Lawmakers have two weeks to finish crafting a proposed $39 billion spending plan for the next state budget, which begins July 1.
While lawmakers have had session days off and on throughout the year since January, the Fiscal Year 2020 budget isn’t expected to be finalized and sent to the governor until the last minute.
Details on the fiscal year 2019 budget only became public last year in a Senate committee hours before it was pushed out of that chamber and into the House. That was with a House and Senate with Democratic majorities and a Republican Governor. Even though Democrats hold the governor’s mansion and have supermajorities in the House and Senate, the new budget could follow the same last-minute trajectory as last year.
State Sen. Chapin Rose, R-Mahomet, said the Democratic supermajorities at the statehouse are woefully late on getting a budget together.
“You’ve still got to put money on them to get it done, they’ve got supermajorities and the governor’s office to get it done,” Rose said. “But it probably doesn’t mean it will be a good budget. It will probably be something slapdash put together.”
State Rep. Robert Martwick, D-Chicago, said the reason it takes lawmakers so long to craft a budget is that Illinois lawmakers get educated on the various aspects of the state budget through the early months of the year.
“So May is inevitably going to be a very, very crowded month where all the work gets done,” Martwick said. “The issues are still being worked on right now. But they are so much more narrow in scope than when we started on them in January.”
Those issues include more than $1 billion in new revenue Gov. J.B. Pritzker is banking on, including tens of millions from licensing for recreational cannabis and sports wagering, both of those measures have yet to be passed. There’s also tens of million for the upcoming budget from a statewide plastic bag tax, increase cigarette and e-cigarette taxes, an insurance tax and more, none of which have passed the legislature. There’s also the proposed gas tax increases to pay for statewide infrastructure projects.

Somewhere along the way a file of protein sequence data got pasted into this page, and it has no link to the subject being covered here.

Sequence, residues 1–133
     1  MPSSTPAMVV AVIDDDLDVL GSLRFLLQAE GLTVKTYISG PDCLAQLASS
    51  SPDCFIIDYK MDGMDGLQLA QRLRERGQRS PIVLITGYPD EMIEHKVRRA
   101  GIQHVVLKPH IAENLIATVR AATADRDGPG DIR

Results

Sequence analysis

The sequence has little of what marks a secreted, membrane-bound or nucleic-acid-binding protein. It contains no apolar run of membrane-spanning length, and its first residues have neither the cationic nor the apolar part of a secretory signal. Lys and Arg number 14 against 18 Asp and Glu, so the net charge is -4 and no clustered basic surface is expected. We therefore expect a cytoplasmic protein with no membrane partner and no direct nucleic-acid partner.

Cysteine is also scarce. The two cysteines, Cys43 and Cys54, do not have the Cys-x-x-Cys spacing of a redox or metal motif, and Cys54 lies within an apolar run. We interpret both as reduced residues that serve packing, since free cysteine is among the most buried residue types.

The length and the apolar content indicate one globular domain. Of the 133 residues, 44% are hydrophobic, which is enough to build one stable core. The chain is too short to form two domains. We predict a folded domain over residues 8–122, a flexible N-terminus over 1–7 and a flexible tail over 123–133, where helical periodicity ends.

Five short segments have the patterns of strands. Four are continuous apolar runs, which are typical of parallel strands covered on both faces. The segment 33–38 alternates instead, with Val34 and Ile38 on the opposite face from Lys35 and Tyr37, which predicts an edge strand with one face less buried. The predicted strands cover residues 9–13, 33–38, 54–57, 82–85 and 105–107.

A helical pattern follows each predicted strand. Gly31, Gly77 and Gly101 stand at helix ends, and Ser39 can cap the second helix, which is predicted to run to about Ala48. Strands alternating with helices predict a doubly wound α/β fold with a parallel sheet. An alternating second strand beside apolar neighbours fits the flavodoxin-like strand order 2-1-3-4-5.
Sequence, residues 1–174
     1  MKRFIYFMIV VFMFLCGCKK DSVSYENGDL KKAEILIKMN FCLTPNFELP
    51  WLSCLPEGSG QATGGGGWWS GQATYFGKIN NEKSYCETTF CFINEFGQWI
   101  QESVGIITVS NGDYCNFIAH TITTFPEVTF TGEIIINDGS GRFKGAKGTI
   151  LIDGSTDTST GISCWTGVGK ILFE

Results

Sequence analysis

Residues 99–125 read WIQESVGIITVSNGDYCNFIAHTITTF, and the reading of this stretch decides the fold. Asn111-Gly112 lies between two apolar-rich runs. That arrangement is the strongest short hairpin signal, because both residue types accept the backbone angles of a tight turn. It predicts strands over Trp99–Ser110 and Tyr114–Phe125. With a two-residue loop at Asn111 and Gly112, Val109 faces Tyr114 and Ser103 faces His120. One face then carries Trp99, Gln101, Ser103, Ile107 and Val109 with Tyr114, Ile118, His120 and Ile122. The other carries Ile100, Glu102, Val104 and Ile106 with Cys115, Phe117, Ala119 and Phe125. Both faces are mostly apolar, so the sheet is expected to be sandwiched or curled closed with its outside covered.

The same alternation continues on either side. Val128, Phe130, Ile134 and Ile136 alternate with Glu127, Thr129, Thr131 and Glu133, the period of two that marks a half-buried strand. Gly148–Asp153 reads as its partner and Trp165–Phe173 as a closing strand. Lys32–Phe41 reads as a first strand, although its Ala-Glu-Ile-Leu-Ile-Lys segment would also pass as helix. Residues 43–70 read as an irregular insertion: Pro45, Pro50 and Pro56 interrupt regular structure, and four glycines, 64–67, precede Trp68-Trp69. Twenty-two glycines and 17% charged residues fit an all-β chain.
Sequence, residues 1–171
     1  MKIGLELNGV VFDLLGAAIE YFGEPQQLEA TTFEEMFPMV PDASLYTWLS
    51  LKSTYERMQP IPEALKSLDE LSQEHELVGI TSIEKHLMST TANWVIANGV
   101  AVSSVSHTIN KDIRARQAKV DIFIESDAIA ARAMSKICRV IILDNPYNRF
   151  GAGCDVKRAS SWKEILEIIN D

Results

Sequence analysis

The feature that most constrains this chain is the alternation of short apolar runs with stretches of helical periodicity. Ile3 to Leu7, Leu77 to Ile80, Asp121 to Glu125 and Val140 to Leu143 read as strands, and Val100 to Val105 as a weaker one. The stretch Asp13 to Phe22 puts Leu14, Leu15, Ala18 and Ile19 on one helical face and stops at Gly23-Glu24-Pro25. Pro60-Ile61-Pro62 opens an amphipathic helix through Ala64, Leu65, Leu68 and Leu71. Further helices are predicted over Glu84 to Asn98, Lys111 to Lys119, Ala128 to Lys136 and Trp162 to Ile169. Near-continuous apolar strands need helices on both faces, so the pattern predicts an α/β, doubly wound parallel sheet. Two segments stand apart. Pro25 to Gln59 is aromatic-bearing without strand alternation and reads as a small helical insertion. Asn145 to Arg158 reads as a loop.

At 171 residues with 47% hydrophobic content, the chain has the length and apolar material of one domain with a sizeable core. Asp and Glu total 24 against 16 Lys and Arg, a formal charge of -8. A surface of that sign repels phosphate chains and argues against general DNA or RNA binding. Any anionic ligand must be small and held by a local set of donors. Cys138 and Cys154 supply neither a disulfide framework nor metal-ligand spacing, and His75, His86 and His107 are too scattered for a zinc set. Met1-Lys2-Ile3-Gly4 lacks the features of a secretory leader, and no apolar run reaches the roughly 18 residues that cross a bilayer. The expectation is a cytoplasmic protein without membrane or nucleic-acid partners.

Pritzker’s proposal to shore up expenditures by delaying pension payments was staved off by an influx of revenue reported from last month.
State Sen. Don Harmon, D-Oak Park, said that unexpected $1.5 billion more from taxpayer last month is great news, but “the truth is manna from heaven may get us out of the dessert but it will not feed us for years to come.”
Republicans said it’s “not manna from heaven,” but Illinois benefiting from a strong and growing national economy. They have said Illinois could be reaping more if it had policies in place to foster greater economic growth.
Still, Harmon and other Democrats want to change the state’s flat income tax to a one with higher rates on higher earners.
Bob Garza, a taxpayer from Joliet, said that will just target the wealthy.
“Once you raise their taxes, these are the people who it’s most easy for them to move out of the state,” Garza said. “At some point, in time they’re going to say ‘I’m bailing.’ ”
Any possible increased revenue from a progressive tax, were voters to approve one in November 2020, wouldn’t be realized for several years in the future. The next budget begins on July 1.
Garza said state lawmakers should mirror the same philosophy he said works to lose weight, which is eat less and move more.
“The state is in debt,” Garza said. “There are only two ways to get out of debt. You have to spend less and make more.”